After three grueling years, staff, students and supporters of Charlotte-Mecklenburg Schools basked in national attention and community pride after claiming the nation's top award for urban education Tuesday.
The 2011 Broad Prize brings $550,000 in scholarships, bragging rights for the district's 17,750 employees and a surge of educators and policymakers eager to see what CMS has done to help low-income and minority students succeed and graduate.
"It's a huge shot in the arm," said Charlotte Mayor Anthony Foxx, a CMS graduate and parent. "Our schools have gained a measure of acclaim today that is analogous to the Super Bowl of education."
The recognition comes in the wake of layoffs, school closings and fierce policy debates that have eroded teacher morale and split the community. It also lands during a school board campaign and superintendent search that could determine whether CMS continues on the path charted by Superintendent Peter Gorman, who resigned in June after five years.
Gorman, who now works for News Corp.'s Education Division, shared the stage in Washington, D.C., with interim Superintendent Hugh Hattabaugh, who acknowledged the stress that accompanied the gains.
"My hat's off to our teachers, our principals and other employees who have not been deterred by hard times," Hattabaugh said.
Among the things that caught the judges' attention were CMS' efforts to get top educators into struggling high-poverty schools, provide extra aid for the neediest students, and identify and reward the most effective teachers.
The prize doesn't mean criticism and challenges will vanish. Black, Hispanic and low-income students in CMS still trail their classmates on most academic measures - a national frustration acknowledged by Los Angeles philanthropist Eli Broad as he introduced the four finalists.
"The four districts we honor today have made the greatest progress of urban school systems nationwide but as their leaders will tell you, they have much more work ahead of them," Broad said, noting this is the 10th such award he has presented to highlight successes, spur competition and spread good ideas.
"What has most surprised and, yes, disappointed us about urban education reform is the slow pace at which it occurs," Broad said.
The involvement of billionaires such as Broad and Bill Gates in public education reform has aroused suspicion among teachers and activists in Charlotte and nationwide. The Broad Foundation has invested deeply in CMS - training Gorman and the board, helping pay for central-office staff and providing more than $3 million in grants - and some resent what they see as the group's business-driven approach to education.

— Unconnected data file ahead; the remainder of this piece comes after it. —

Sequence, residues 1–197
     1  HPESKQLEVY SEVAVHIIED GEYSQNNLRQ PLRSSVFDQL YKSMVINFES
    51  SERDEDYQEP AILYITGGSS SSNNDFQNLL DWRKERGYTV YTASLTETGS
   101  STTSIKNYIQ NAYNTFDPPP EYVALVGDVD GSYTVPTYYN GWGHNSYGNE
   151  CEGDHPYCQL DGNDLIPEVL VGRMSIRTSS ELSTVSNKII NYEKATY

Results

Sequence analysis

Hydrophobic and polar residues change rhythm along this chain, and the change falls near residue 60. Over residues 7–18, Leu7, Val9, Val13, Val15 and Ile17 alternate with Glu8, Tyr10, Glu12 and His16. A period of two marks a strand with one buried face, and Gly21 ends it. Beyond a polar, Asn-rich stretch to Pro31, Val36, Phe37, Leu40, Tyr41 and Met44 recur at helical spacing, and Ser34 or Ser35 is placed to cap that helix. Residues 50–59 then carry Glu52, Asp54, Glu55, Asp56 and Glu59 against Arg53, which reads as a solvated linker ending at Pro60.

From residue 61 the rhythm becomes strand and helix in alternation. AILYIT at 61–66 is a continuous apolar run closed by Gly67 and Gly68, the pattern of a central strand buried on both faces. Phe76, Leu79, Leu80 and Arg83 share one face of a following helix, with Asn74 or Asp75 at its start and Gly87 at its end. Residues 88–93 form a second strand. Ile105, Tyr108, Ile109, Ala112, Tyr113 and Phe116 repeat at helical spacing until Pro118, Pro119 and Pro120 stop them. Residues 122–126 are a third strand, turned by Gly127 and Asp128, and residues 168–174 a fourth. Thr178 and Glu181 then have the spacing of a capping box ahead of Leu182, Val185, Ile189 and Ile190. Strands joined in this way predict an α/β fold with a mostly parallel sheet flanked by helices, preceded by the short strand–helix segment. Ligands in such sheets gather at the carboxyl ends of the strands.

But in Gwinnett County, Ga., which edged out CMS and three other districts for the 2010 Broad Prize, the biggest payoff was a surge of community pride, said spokeswoman Sloan Roach.
"No matter where you were within our greater community, people were talking about their schools," she said. "Everyone recognized the hard work they were doing day in and day out was making a difference."
Broad and U.S. Education Secretary Arne Duncan presented the prize. Hattabaugh, Gorman, school board Chair Eric Davis and a dozen other officials and educators were on hand to claim it.
In Charlotte, dozens of administrators and principals gathered to watch on the web.
Last year, a similar scene ended with staff quietly filing out after Gwinnett took the prize. Tuesday the Charlotte crew whooped and shouted when Duncan named CMS the winner.
CMS and Gorman already had a high national profile, said Tori Belle-Miller, communications director of the nonprofit advocacy group MeckEd. But she said the award will make CMS an even more attractive destination for superintendent candidates.
Successful public schools are also likely to be part of the pitch to the nation when the Democratic National Convention comes in September 2012.
And N.C. House Speaker Thom Tillis, a Mecklenburg Republican who was a CMS parent and volunteer, said the recognition is a good prod for the state legislature to keep working on giving local boards more flexibility.
CMS was chosen from among 75 eligible districts, based on size, low-income enrollment, minority enrollment and urban environment. A screening panel analyzed data, and Broad representatives came to Charlotte in May to visit schools and talk to staff, students and families.
They also awarded the $250,000 in scholarships that CMS earned as a finalist in 2010. This year there will be more than twice as much to distribute to the class of 2012.
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